With a debt rescheduling, a prepayment fee may become due

Many loans with a fixed interest agreement are concluded over a longer period of time. However, if a borrower’s financial situation or general interest rate changes change, such a loan can quickly become completely unprofitable. However, consumers only have the option to terminate an interest-linked loan with a legally stipulated period after ten years. In the event of early termination, the banks can charge fees to offset their losses due to the loss of interest income. This fee is commonly referred to as a prepayment fee or prepayment fee. In the case of non-fixed-interest loans, this fee can only be paid for a period of three months, unless there is no other possibility of termination. There are many reasons for taking out another loan to repay an old loan, one of which mostly lies in lower interest rates.

The loan rescheduling

The loan rescheduling

Another motive for rescheduling can be the amount of the monthly installments due, which is no longer appropriate due to changing economic conditions. On the other hand, an existing overdraft facility can be paid off with a new loan. The interest for such a overdraft facility is regularly far above that of an installment loan. The prepayment fee is calculated by banks and financial institutions using different methods, which have repeatedly caused legal disputes in the past. A distinction is made between the active-active comparison and the active-passive comparison. In addition to the prepayment fee, the banks can also charge a processing fee if the loan is to be paid off prematurely.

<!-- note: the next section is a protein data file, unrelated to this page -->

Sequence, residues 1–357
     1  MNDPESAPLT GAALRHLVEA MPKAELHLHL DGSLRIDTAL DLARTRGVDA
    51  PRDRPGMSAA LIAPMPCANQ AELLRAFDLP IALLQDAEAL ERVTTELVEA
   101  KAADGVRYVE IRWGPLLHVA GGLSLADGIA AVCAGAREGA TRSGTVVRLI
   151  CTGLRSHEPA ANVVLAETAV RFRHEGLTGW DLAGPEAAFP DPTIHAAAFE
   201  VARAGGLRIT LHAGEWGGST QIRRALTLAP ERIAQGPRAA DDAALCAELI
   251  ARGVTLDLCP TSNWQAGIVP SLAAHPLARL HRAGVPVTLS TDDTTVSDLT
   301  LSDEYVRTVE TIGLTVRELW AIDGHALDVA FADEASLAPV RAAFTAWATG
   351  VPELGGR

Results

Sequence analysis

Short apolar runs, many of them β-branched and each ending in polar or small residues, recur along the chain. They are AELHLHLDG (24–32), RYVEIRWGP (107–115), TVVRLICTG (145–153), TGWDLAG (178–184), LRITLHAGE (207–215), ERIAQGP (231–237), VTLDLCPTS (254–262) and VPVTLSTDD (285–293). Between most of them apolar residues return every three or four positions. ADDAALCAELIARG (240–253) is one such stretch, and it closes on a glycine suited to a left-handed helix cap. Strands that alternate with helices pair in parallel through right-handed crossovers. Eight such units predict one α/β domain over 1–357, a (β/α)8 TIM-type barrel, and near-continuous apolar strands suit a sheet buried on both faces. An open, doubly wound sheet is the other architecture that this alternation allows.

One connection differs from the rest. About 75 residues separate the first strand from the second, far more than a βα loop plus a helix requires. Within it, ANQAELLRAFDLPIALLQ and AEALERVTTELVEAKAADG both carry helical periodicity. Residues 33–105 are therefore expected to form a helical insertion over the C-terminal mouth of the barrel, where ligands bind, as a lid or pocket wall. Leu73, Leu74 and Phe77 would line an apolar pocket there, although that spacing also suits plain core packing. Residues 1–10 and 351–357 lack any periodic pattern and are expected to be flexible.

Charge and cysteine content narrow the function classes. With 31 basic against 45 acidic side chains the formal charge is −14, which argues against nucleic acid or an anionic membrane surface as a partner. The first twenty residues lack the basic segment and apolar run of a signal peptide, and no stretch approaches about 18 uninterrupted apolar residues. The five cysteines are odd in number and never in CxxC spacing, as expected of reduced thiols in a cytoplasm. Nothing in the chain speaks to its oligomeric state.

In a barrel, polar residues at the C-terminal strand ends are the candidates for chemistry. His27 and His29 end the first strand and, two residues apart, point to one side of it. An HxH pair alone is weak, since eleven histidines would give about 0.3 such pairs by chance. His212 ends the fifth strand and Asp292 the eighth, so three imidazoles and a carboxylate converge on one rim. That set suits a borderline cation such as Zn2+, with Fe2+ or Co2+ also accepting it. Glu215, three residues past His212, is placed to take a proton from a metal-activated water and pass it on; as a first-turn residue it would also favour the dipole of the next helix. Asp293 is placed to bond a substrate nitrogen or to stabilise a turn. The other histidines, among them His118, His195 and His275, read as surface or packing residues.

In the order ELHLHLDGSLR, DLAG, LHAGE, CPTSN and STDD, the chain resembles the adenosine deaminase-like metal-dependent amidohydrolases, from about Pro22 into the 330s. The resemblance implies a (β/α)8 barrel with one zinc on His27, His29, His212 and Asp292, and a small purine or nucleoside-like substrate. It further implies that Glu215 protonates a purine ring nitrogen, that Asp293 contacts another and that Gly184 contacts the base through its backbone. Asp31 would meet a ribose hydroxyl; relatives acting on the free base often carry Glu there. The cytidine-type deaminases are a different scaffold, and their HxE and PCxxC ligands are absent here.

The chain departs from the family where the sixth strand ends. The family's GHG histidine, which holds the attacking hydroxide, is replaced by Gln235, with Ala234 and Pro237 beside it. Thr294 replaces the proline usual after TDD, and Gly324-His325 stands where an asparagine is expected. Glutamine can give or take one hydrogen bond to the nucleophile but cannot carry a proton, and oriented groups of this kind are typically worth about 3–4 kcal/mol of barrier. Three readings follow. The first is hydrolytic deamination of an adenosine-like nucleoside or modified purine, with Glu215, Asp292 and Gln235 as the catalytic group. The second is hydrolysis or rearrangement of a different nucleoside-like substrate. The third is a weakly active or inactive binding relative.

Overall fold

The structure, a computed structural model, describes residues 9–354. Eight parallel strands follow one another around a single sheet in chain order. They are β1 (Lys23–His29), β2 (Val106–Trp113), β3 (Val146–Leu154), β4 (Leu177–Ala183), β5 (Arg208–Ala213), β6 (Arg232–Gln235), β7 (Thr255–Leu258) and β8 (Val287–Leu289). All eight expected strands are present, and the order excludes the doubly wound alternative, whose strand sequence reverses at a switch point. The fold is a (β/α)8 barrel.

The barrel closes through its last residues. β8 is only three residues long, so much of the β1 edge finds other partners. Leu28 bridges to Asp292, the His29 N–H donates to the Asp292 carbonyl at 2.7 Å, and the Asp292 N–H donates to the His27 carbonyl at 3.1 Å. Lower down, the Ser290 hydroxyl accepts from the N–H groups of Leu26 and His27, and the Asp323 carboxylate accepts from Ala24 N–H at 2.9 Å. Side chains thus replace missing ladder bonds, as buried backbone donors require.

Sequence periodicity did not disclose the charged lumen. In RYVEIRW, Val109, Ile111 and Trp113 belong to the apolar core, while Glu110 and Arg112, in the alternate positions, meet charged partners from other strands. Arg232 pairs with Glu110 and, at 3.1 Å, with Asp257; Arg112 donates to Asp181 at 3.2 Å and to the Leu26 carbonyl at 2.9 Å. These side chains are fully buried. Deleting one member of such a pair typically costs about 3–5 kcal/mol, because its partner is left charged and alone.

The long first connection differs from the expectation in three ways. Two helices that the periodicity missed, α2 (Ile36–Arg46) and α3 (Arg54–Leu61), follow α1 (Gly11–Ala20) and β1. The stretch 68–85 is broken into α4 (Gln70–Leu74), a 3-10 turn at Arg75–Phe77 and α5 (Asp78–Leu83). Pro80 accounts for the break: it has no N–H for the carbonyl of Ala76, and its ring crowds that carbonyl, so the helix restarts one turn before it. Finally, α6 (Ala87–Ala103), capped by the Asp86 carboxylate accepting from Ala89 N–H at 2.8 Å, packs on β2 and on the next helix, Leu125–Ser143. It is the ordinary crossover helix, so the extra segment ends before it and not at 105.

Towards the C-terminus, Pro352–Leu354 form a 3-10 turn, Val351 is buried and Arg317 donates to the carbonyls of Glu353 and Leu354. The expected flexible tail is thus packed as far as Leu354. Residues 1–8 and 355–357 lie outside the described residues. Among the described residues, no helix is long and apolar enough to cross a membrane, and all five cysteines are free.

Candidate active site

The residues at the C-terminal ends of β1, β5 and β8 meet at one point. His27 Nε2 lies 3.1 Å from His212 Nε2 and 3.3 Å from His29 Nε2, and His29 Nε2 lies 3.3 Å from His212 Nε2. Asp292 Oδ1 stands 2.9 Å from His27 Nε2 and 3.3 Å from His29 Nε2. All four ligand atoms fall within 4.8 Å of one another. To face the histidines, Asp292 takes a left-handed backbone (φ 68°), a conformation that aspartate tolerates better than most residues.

Borrower’s payment due


This fee is only due after the borrower has given notice. The prepayment fee, for example, is collected regularly when a mortgage loan is repaid, because normal installment loans for consumers can be terminated with a statutory period of three months. This means that the prepayment fee can only be paid for this time. If a loan is now to be replaced by a new one, not only the nominal interest rate must be taken into account, but all these fees must be added to find out how favorable the new loan conditions really are. After all, the costs incurred must not be higher than the previously paid liabilities. Only the effective annual interest rate provides a precise overview of all costs; it includes the nominal interest rate, all processing fees, insurance and other fees.

The old loan should only be canceled after a new loan has been approved. Debt restructuring is particularly worthwhile if the old contract is still very long and the loan amount is high. If the second loan is taken out from the same bank as the first, fees must not be charged twice. The effectively expected interest for a new loan must be significantly lower than that of the loan to be repaid so that a debt rescheduling actually pays off. While prepayment for a long-term mortgage loan always plays a role, normal installment loans for consumers are not affected.

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